OK, well, guess what happened? When they started distributing that vaccine, the shots went into the Black neighborhood, and the lump of sugar went into the white neighborhood.
So part of my job is to make sure we don’t have that kind of inequity with distribution this time. [Editor’s note: We couldn’t confirm this exact detail, but there is plenty of evidence of racial disparities in polio treatment.]
The House is still working on a stimulus proposal and there’s still a lot to be resolved in terms of where the money is going. What sort of deal do you think is possible? Because a lot of people are saying, “People need checks.” Do you think we’ll get close to that again?
If you had asked me that question yesterday, I would have said no, I don’t. Today, I think we might do that. I think they’re getting close to a deal. See, what I think is going to happen here is that the big number that people have been arguing over will come down. It will come down because I think they’re going to shorten the time. People need to do something now. We can’t go home without doing something. So rather than doing something for 12 months, we may end up doing it for four or five months, which would bring the number down, but you’d still see it get done. Then, leave it up to the next administration, the new House, new Senate, and new White House to get this done because you’re going to have a better White House to deal with going forward.
Democrat or Republican, when you’ve got a president giving leadership, you can get people to follow you. We just got a president now who ain’t providing no leadership. So Joe Biden will. I think that what we’ll do is pass a pretty vibrant bill and shorten the period of time so everybody can save face.
OK, that’s promising. In your speech at the DNC, and please let me know if this is out of bounds or uncomfortable, but in your speech at the DNC you mentioned that Joe Biden experienced profound loss, and that he knows what it takes to overcome it, and that that resonated with voters. We just passed 300,000 COVID-related deaths in this country and we’re basically all in mourning all the time. I know you lost your wife of 58 years last year, before this pandemic hit. Going through a personal loss while there is so much loss around you—that can’t be easy.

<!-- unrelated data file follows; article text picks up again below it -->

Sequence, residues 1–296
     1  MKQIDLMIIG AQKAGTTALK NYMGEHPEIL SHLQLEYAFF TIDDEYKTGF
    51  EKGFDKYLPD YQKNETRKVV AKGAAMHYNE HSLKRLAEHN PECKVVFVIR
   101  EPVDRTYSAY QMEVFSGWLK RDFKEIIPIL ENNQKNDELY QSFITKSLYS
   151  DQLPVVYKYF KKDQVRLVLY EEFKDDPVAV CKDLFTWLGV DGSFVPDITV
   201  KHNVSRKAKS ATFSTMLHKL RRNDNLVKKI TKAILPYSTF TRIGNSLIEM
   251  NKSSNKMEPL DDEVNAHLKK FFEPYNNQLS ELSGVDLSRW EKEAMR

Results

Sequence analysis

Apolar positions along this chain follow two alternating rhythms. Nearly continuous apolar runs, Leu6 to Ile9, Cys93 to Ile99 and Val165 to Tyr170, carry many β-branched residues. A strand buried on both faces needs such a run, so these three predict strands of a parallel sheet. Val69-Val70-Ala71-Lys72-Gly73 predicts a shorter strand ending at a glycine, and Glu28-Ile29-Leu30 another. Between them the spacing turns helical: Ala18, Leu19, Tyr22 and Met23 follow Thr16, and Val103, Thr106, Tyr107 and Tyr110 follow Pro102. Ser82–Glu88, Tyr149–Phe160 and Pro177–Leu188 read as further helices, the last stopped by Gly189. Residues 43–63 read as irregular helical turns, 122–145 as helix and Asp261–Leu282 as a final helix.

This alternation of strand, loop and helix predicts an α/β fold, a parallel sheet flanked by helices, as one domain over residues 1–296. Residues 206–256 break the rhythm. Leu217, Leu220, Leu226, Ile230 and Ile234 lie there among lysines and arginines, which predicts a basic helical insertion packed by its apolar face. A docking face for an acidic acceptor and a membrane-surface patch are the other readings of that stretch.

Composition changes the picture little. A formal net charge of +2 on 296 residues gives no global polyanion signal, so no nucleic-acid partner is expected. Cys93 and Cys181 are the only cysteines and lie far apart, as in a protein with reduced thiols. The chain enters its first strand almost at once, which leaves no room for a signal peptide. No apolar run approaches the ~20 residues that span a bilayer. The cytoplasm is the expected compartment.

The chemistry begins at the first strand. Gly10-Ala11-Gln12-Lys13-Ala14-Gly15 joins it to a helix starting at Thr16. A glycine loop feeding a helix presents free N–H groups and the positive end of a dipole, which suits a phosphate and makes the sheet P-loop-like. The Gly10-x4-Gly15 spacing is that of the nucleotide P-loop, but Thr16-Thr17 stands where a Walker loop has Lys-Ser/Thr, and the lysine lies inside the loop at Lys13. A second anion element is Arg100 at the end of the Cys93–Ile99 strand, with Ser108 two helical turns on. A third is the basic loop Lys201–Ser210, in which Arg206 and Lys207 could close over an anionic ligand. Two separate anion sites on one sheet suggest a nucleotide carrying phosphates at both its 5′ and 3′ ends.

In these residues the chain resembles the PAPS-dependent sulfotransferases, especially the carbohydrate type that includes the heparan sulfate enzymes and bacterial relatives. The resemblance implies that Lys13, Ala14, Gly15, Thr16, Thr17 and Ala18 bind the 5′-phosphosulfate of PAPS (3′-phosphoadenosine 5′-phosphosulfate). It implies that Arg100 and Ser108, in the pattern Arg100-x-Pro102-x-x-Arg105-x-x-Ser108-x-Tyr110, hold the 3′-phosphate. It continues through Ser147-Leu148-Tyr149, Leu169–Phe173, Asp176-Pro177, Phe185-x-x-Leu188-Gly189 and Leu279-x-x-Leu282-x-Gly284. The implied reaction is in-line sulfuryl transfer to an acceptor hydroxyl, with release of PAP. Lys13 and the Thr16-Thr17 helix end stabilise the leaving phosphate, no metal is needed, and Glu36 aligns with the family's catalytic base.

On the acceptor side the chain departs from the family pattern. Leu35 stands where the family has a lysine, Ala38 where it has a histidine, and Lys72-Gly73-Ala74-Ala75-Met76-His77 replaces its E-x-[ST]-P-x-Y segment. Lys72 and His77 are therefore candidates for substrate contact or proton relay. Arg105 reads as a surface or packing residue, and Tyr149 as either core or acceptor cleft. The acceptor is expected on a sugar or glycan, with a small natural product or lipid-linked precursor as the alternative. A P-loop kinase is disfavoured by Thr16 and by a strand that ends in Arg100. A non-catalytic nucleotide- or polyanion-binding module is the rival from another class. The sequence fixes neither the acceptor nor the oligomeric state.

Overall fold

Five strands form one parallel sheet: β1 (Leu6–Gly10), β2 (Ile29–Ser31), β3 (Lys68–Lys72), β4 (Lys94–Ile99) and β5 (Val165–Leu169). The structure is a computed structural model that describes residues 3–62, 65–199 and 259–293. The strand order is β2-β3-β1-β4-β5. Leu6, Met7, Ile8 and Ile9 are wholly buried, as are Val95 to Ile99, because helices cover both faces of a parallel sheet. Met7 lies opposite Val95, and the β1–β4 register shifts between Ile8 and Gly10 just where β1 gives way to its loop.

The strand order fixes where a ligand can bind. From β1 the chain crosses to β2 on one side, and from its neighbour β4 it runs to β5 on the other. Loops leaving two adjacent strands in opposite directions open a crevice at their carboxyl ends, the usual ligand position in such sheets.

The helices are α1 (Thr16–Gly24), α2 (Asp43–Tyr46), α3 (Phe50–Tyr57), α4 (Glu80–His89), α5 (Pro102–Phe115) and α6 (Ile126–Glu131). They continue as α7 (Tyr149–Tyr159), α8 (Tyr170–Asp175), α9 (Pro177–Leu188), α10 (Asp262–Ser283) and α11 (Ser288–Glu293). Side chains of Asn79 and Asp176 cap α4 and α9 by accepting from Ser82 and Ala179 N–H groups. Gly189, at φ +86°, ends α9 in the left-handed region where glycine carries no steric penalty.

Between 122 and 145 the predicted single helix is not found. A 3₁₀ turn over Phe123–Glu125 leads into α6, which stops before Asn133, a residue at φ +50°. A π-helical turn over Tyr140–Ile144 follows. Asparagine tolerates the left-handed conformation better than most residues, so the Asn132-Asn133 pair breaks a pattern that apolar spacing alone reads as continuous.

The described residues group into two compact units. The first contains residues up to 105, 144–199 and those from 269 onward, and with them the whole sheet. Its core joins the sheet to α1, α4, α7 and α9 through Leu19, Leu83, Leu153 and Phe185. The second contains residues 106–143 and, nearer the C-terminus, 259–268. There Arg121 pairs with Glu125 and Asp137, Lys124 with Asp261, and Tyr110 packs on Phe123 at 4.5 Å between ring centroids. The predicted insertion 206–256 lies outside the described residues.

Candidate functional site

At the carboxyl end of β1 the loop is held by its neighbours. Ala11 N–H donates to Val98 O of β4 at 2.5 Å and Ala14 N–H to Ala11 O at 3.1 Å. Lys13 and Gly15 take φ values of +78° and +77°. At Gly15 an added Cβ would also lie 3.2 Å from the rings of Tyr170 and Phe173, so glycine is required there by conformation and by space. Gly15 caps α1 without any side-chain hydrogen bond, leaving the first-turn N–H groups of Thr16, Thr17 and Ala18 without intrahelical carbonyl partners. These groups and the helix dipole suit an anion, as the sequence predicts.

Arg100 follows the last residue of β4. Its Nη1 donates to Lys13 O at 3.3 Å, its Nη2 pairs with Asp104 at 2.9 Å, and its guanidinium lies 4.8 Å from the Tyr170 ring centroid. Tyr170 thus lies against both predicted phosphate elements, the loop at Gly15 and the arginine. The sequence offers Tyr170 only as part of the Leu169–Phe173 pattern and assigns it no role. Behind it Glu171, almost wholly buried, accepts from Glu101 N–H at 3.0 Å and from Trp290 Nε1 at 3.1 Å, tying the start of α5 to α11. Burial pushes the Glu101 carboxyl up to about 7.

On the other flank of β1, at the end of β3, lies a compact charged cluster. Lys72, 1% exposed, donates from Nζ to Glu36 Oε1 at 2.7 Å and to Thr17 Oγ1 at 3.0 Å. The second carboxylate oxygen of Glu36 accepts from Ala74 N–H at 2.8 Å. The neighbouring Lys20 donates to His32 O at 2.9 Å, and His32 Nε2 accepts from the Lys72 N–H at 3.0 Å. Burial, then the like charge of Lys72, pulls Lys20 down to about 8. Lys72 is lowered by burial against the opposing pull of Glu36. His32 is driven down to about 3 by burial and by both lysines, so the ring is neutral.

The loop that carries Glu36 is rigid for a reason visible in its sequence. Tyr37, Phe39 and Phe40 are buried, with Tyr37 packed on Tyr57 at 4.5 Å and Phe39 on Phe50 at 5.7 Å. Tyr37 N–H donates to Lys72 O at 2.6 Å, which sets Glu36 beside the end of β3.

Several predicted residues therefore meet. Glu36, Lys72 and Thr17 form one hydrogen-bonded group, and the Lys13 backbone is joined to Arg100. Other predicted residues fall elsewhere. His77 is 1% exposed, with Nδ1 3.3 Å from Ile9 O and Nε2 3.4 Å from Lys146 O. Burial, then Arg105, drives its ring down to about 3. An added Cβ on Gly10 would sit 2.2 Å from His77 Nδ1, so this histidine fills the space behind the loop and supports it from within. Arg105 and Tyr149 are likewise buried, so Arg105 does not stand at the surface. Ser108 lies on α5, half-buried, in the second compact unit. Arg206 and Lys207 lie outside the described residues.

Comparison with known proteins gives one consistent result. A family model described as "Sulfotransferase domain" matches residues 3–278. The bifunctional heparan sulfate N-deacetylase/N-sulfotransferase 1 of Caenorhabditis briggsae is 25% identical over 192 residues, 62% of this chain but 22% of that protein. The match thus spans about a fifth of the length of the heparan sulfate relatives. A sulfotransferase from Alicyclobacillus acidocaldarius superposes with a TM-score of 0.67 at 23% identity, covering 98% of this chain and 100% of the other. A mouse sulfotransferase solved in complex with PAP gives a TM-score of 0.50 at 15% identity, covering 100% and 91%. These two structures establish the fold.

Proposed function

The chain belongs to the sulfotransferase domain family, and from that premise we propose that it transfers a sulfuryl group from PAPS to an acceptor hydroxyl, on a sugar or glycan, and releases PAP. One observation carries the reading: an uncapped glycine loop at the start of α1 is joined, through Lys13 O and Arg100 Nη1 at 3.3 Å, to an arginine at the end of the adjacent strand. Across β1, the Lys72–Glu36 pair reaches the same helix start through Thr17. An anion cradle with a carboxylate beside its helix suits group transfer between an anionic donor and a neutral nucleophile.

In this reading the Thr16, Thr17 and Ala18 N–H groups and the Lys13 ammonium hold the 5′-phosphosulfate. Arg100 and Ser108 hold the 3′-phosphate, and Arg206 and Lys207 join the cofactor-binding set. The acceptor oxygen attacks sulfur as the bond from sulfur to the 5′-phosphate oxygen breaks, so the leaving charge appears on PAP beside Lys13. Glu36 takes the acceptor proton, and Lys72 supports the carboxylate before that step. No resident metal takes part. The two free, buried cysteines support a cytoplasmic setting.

I came to the conclusion when I was a sophomore in college in debate with a college professor. He said to me, “Young man, you’ll never be any more nor will you ever be any less than what your experiences allow you to be.” That started me thinking. I’ve been thinking about that all my life. I’ve come to the conclusion that people are the sum total of their experiences. That’s what we are. Joe Biden is the sum total of his experiences. Donald Trump is the sum total of his experiences. It’s just that simple. So Donald Trump experiences growing up with a father who referred to people, even people in the military, as losers. A father who, though they dispute whether or not he was ever a member of the Ku Klux Klan, but they didn’t dispute that he attended Ku Klux Klan rallies.
That’s what he grew up with. A father who denied rental opportunities to people of color. That was his experience. Joe Biden on the other hand left the law firm, after he got out of law school, to be a public defender, to defend people, mostly Black people. So that’s what I meant when I said, “We know Joe. Joe knows us.” So yeah, Joe has experienced loss. If you’re 29 years old, just getting elected to United States Senate, get elected in November, and your wife and children go out Christmas shopping and your wife and daughter get killed. You’re 29 years old, just getting ready, too young to even be in the Senate, you got to wait until you get to be 30 to be sworn in—that is an experience that will teach you something if you can live through it.
To see his son, who everybody thought would be where he is today—I know a lot of people who thought that Beau would be the Democrat running for president right now. To see him die such a slow, painful death. For him to have suffered through two aneurysms. These are the kinds of experiences, when you live through them, they make something out of you.
OK, last question for you. Every year you host a fish fry—you’ve been doing this for decades right? So if you had to guess, do you think there will be an in-person Jim Clyburn’s World Famous Fish Fry in 2021? Is there any hope?
I don’t think we’ll have it at the time we would have. There might be a Jim Clyburn World Famous Fish Fry around Labor Day. I don’t think it would be … I usually have it around May or June, during the Democratic state convention. I don’t think it will be this time. I think we’ll probably get beyond this pandemic, but I think it’s going to be, right now, I’m saying to people that the real celebration of Joe Biden’s election to the presidency will probably be January 2022 or maybe July 4, 2022. I don’t see us getting to that point before then.